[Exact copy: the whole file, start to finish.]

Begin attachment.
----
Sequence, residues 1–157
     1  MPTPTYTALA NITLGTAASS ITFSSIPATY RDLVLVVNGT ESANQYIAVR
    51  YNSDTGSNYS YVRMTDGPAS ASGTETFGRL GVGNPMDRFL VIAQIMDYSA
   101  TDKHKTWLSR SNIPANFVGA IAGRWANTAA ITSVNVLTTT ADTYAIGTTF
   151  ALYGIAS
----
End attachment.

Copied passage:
Sequence, residues 1–157
     1  MPTPTYTALA NITLGTAASS ITFSSIPATY RDLVLVVNGT ESANQYIAVR
    51  YNSDTGSNYS YVRMTDGPAS ASGTETFGRL GVGNPMDRFL VIAQIMDYSA
   101  TDKHKTWLSR SNIPANFVGA IAGRWANTAA ITSVNVLTTT ADTYAIGTTF
   151  ALYGIAS